Sunday, March 21, 2010

Does Science hold all the answers?

One of the essential features of scientific method is "repeatability" - which means that a scientist can repeat an experiment and get the same result. This result is called 'scientific knowledge', said to be the most reliable form of knowledge. But soil carbon seems to exclude itself from "scientific' status because it can't be repeated. It won't stay still. Dr Chan et al., in "A Farmer's Guide..." reported that soil organic carbon levels in a 40m x 40m area varied between 2.72% and 1.44%. A total of 20 soil samples were taken to 5cm deep*. This phenomenon is called "Spatial Variation" and it means trouble for pure science. The researchers say this 'large field variability tends to mask any small real difference in SOC due to management practice...' They go on to say this mask could be the reason why they couldn't detect differences between management techniques.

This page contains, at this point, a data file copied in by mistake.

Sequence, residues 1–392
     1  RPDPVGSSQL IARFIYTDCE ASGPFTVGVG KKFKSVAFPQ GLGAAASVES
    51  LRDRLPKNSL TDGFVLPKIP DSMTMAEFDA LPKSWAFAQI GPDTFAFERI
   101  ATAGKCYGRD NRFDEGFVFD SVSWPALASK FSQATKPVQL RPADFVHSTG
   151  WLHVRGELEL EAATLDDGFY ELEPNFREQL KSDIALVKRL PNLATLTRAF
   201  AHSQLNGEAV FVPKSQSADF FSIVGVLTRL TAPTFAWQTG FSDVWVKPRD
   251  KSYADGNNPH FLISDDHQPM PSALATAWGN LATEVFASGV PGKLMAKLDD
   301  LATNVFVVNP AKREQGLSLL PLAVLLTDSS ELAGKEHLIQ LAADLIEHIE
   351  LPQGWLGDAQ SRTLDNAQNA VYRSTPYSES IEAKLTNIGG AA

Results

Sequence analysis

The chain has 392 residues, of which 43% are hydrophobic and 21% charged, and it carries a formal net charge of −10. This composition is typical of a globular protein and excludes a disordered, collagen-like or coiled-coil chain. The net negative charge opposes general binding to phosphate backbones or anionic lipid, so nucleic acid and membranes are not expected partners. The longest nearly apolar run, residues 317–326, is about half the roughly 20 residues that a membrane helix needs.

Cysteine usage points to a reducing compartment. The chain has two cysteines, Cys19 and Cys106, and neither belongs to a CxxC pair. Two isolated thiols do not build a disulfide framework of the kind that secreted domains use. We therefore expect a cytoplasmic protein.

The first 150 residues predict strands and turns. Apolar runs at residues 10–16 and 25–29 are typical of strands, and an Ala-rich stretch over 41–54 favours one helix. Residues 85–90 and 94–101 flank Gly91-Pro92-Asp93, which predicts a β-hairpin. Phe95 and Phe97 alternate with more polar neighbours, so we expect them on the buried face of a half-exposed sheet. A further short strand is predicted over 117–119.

Could it be that it is time to call in the actuaries? We have a dataset. Actuaries can see patterns in data others can't.
Could it be time to call in the market economists, the innovators and inventors?

It is natural for scientists to believe that highest possible degrees of accuracy in measurement are needed for trading. Indeed, to believe trade could not take place without it. In fact, the opposite is the case. We are faced with finding an acceptable way to "generalise" the data.

* Chan, YN, Oates, A., Lui, DL., Li, GD., Prangnell, R., Poile, G., and Conyers, MK. (2010). "A farmer's guide to increasing soil organic carbon under pastures", NSW Industry & Investment, Wagga Wagga, NSW

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